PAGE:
How To Break Up With Your Landlord If You Have Office Space

How to get out of your lease or terminate your lease

Do you have office space in NYC? Maybe you no longer need it. You want to turn to your landlord and just say:

“I’m outta here. It’s not going to work out between us.”

But Neil Sedaka was right and “Breaking up is hard to do.”

Ending a lease early can present a whole host of challenges like:

  • Eating your rent when you’re not even physically there (like a lot of folks right now)
  • Paying a premium on cancellation
  • Losing your security deposit
  • And, perhaps even sometimes legal action.

But sometimes, you just need to do what is best for you. So let’s talk about your options.

Here are the four things you can do to end your lease or at least reduce your financial obligation if you have office space in Manhattan:

1. Termination:

Say your landlord hasn’t legally been upholding their end of your contract. It’s possible you have a termination clause in your contract that allows you to end the lease should your landlord fail on their end of the deal. Or even better you may have negotiated a termination right after a certain period of time with the only stipulation being you have to pay the unamortized portion of the deal costs- things like the free rent and construction dollars the landlord spent on your space. 

But even if you don’t have such a right, do not despair, you can still try and negotiate out of the lease. And it’s important to know that your real estate advisor (what I do) can negotiate on your behalf for a success fee rather than an attorney that will most likely charge you an hourly rate or a flat fee (regardless of result) and most likely has no relationship with the landlord, unlike people in my role.

Gather the paperwork, get some research done on your outstanding financial obligation (know your numbers), and bring it all to the table. Negotiation is key and keeping an open mind on a resolution can do wonders for you. 

2. Sublease:

Subleasing is the idea that your name is still on the contract with your landlord, but you turn around and lease (sublease) your space out to a new tenant. Many leasing agreements have a right to sublease clause in them (a crucial point that was hopefully negotiated initially), but even if you don’t, that doesn’t mean it’s not an option. Talk to your landlord and see if they’ll take a new tenant. In all likelihood, you’ll be subleasing your space for less than you pay, meaning you’ll have to pay off the difference. But if you need to get out of your space for whatever reason, this can often be the most economical route to take. For more on How To Sublease, watch this video here.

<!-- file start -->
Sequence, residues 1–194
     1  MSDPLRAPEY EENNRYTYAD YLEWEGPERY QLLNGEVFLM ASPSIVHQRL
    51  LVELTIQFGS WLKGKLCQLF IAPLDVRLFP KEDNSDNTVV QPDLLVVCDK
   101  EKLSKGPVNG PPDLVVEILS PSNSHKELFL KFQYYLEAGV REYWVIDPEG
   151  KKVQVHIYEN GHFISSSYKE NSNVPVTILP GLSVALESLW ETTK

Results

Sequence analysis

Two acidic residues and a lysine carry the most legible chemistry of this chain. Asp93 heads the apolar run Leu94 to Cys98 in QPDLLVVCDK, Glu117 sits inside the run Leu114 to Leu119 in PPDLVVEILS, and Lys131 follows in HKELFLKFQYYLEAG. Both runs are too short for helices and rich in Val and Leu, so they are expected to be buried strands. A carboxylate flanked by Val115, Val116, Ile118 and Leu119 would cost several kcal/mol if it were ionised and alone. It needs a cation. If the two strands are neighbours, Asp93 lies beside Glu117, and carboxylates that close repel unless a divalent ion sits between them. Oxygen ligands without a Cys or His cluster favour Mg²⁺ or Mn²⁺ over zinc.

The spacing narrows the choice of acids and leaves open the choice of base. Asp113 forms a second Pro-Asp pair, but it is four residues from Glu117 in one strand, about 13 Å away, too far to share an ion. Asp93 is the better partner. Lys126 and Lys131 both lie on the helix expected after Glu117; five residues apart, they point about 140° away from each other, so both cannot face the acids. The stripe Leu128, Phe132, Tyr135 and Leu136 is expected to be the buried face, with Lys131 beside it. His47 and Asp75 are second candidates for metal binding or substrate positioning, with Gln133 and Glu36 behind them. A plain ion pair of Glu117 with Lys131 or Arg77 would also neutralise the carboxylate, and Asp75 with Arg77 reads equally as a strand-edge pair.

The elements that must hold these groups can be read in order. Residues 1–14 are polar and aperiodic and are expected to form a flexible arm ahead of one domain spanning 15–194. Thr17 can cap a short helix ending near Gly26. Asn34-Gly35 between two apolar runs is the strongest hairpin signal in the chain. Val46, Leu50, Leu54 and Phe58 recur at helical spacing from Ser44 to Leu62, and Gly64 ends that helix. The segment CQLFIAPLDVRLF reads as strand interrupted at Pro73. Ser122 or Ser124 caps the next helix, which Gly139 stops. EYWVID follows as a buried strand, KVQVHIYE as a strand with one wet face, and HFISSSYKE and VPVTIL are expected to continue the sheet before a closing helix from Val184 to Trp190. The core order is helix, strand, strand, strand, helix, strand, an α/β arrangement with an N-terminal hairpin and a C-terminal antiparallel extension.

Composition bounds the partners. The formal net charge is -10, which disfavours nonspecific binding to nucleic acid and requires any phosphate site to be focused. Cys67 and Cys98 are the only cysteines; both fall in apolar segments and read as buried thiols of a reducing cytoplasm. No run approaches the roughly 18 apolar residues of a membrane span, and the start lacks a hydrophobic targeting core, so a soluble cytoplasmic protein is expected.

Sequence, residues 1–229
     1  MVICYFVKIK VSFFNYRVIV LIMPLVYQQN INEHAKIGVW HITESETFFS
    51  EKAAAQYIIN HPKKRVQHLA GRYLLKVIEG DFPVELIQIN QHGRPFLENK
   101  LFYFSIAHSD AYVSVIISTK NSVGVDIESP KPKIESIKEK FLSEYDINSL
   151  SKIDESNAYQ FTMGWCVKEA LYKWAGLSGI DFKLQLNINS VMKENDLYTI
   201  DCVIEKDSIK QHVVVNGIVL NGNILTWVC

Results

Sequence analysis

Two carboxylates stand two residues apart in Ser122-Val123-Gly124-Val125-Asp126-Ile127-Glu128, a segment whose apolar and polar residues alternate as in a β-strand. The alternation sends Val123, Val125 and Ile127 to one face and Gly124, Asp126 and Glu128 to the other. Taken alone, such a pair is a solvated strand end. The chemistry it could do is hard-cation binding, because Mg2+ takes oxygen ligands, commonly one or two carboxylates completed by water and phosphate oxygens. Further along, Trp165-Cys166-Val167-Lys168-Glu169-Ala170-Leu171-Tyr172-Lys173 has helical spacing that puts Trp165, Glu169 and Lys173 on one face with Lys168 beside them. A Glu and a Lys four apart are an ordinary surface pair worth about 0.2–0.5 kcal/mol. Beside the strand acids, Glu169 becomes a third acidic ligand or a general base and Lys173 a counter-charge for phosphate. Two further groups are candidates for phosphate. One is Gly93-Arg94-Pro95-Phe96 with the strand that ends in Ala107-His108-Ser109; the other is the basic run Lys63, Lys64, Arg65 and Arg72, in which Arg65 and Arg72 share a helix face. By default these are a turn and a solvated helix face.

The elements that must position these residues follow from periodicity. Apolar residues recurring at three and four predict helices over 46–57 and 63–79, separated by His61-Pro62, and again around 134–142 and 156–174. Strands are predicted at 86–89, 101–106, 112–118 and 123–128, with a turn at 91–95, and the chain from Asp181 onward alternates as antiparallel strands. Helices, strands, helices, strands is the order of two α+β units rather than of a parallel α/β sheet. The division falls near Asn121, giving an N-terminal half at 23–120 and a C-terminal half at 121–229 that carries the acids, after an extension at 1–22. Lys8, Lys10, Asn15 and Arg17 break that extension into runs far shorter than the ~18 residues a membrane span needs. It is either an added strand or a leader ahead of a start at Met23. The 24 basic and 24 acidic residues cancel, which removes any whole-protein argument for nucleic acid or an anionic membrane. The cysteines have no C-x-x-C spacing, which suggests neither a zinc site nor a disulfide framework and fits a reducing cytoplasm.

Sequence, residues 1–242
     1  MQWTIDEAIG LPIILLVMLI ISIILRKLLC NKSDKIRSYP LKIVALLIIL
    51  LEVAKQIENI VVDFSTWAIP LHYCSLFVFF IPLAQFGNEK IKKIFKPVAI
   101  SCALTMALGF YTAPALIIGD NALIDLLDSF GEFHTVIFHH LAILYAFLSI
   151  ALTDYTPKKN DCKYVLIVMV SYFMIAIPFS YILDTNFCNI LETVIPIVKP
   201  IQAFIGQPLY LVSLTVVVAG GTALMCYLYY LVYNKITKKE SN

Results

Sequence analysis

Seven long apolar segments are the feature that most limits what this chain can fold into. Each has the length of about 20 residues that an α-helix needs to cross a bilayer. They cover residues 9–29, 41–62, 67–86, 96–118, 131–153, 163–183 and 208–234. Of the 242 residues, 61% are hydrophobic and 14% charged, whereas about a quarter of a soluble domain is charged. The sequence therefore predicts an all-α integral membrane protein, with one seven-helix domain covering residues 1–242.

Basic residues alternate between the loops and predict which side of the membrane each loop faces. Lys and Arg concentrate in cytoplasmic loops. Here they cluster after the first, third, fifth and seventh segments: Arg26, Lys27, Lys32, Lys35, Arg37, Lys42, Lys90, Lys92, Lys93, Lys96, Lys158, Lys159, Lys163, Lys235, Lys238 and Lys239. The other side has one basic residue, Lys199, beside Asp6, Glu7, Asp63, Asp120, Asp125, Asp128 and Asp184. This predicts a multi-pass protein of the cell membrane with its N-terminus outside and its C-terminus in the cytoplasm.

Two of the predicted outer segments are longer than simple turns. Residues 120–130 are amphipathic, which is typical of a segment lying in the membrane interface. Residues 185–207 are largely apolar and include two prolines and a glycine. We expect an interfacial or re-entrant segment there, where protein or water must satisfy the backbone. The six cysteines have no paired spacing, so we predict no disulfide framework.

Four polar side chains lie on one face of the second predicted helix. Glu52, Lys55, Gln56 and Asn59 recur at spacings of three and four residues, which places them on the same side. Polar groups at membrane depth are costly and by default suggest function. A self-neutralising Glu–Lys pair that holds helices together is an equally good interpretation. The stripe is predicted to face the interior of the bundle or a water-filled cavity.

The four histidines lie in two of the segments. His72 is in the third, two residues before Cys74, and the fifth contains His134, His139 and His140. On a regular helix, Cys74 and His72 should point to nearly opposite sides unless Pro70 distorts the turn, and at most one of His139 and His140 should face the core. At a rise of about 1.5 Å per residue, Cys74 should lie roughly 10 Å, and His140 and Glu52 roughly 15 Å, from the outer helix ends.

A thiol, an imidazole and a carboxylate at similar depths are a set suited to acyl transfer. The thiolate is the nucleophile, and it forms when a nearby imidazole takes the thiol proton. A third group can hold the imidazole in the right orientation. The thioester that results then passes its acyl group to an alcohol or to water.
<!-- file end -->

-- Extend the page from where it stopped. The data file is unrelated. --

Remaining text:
3. Assignment:

It’s like a sublease but the tenant coming into the space can directly communicate with the landlord. This is unlike a sublease where the subtenant can only communicate with the sublessor and has no direct relationship with the landlord. And just like with subleases you need to have the landlord’s approval to allow the transaction to occur. Why wouldn’t every landlord approve this? Comes down to the credit quality of the tenant. If it is not a stronger tenant, the landlord won’t want to take the risk of collecting rent directly and would prefer the onus be on the existing tenant.

4. Buy out:

This is basically exactly what it sounds like. Instead of having to pay your rent, you can try and negotiate with your landlord to buy out the remainder of your contract. Typically, the number will be lower than paying rent (otherwise you’d never do it), so you may be wondering what’s in it for your landlord? Well, if the space is in demand and your landlord can fill it pretty quickly, they may only go a few months without rent and it would be covered by your buyout agreement. Then, he’ll turn around and rent it out to a new tenant for whatever you would have paid before, pocketing a decent difference. If this works for both parties, it can be an excellent solution.

There, not too bad was it? You’re not trapped in this relationship. There’s often some room for negotiation, and these 4 solutions can help you get back on track to something better.

As always, please feel free to contact me at gcohen@cresa.com or 917-684-1764 if you have any questions or you’d like to discuss your office lease.

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